Our world has changed. A new threat is directly affecting the global economy, health, security, and international politics.
Across the globe, our lives have been altered and we are being forced to adjust to our new reality.
Despite the challenges we now face and those that are yet to come, we must start getting used to doing some of what the common good requires.
The common man on the street is being called upon to show resilience for our country, for our world, and most importantly, for each other. When tragedies happen we are expected to unite, to show compassion and to share love.
But really, just how are we coping?
So much of the Coronavirus (COVID-19) pandemic is outside of our control. Aside from the threat that the virus itself poses, your life has been impacted; from work and finances to socialising and travel. However, dealing with this challenge can make you more resilient. It will be helpful to remember that there are things you can do to deal with the uncertainty that lies not just in front of you, but all around you.
Stress – Stress is an understandable response to the current situation. You might be worried about becoming infected with the virus, about how your loved ones will cope, about the disruption to your studies, your job and routines, and perhaps most importantly, the financial impact this could have on you. These stressors, along with the constant media hysteria and dealing with disappointment such as travel restrictions and event cancellations, can take an emotional and psychological toll on anyone.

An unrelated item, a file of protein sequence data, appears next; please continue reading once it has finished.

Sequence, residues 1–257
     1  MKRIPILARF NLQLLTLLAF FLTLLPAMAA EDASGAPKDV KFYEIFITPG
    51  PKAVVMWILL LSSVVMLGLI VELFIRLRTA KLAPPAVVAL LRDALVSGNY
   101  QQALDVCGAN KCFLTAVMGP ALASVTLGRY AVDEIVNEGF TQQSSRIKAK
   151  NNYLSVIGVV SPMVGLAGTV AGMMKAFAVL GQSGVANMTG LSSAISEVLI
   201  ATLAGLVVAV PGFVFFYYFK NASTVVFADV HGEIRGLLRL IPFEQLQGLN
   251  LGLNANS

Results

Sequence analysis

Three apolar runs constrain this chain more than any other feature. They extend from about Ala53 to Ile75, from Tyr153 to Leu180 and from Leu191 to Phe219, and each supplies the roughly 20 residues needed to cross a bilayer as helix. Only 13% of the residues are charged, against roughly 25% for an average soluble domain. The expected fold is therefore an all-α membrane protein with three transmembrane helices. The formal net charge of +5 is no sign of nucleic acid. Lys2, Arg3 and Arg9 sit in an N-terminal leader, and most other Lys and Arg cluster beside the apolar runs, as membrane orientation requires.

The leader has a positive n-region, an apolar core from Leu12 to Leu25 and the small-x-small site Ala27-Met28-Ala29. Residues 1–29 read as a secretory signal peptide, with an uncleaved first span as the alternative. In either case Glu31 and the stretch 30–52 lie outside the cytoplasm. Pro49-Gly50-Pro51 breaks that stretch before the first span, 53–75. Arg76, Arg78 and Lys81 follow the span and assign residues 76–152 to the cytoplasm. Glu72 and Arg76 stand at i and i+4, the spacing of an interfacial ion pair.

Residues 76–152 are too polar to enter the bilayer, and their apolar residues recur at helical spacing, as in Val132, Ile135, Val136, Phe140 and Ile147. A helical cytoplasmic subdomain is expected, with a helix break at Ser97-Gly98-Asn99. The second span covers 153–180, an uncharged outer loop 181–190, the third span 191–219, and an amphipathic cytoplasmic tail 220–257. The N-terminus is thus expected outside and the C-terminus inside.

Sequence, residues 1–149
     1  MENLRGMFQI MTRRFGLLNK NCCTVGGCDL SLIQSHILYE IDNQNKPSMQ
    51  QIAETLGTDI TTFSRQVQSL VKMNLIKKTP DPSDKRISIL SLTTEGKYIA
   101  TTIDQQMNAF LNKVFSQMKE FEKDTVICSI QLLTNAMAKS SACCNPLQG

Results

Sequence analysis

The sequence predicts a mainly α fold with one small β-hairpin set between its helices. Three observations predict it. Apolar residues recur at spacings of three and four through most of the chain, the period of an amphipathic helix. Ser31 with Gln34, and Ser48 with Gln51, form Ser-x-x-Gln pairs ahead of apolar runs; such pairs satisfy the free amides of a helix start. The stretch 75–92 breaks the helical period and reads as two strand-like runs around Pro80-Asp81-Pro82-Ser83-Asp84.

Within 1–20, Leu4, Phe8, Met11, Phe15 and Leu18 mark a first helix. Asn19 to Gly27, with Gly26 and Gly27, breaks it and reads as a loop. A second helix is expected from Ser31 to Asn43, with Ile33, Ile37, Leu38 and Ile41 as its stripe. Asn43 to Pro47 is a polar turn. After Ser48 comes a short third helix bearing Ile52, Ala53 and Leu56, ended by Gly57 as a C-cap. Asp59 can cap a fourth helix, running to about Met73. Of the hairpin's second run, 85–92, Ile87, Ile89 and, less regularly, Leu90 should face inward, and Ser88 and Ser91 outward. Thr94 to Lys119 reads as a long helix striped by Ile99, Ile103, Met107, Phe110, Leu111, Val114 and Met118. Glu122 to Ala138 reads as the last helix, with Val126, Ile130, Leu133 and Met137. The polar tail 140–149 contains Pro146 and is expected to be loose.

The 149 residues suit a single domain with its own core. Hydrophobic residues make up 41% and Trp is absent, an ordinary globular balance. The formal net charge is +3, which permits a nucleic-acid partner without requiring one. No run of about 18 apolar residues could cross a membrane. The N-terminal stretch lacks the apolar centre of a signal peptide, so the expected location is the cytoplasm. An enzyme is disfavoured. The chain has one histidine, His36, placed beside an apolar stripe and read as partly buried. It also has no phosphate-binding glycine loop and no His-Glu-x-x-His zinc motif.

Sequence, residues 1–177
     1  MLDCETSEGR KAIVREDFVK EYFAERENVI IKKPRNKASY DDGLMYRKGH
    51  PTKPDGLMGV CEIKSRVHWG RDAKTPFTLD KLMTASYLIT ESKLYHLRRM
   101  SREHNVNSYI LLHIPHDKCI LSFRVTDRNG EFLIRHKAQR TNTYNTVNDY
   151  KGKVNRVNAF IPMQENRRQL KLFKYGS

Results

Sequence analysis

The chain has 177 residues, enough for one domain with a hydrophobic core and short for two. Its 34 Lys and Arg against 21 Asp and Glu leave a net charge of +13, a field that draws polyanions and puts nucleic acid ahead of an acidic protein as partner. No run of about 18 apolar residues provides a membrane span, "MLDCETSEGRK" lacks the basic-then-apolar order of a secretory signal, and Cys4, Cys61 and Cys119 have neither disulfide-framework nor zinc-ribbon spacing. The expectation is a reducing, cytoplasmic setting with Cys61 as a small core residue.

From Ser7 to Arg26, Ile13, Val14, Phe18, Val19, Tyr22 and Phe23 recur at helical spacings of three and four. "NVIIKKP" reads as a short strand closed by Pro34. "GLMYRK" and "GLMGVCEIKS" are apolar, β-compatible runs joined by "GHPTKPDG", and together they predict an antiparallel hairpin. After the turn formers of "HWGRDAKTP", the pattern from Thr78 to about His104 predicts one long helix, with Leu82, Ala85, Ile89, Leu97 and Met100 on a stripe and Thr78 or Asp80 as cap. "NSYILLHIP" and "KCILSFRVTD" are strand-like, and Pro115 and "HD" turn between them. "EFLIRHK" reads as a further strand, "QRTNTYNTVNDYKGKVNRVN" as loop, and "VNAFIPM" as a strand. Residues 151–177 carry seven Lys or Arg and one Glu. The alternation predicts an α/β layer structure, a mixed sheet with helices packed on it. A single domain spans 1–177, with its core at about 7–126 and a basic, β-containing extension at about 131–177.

As hard as things are, it can be comforting to know that you’re not alone and that others share your feelings. I repeat, you are not alone in feeling stressed and anxious right now, particularly because of the uncertainty surrounding the situation.
Uncertainty – Predictability helps people to feel as though they are in control and it reassures them that their lives are settled and nothing bad will happen. On the other hand, having to deal with the unknown can make people anxious. Get a handle on anxiety by practising to tolerate uncertainty. You can start with small changes to you own personal routine such as cooking a meal without a recipe or randomly choosing a show to look at on Netflix. One thing we don’t like about uncertainty is that if we allow it into our life, things can go wrong.
Facts – Keeping up to date with factual resources can provide some more certainty about what’s happening. Choose media sources wisely where you’re less likely to get overwhelmed with the constant coverage and it will be easier to stay grounded. Cable news 24/7? Hard pass. It’s a good idea to limit your media intake to a few times a day so you don’t become overwhelmed. You may also want to avoid speculation and social media discussions.
Some good resources for factual updates include:
– World Health Organisation (WHO)
– Your local government’s Ministry of Health
– Your local government’s Ministry of Communications
Remember, despite the challenges we now face and those that are yet to come, your personal health and mental well-being must not be ignored.
This is undoubtedly, one of the greatest tests we will ever undergo in humility and the overwhelming power of humanity. When tragedies happen, we can unite, we can show compassion and we must share love.
It is my hope that as we adapt to this new reality, that we take care of each other and that collectively, we will overcome this soon.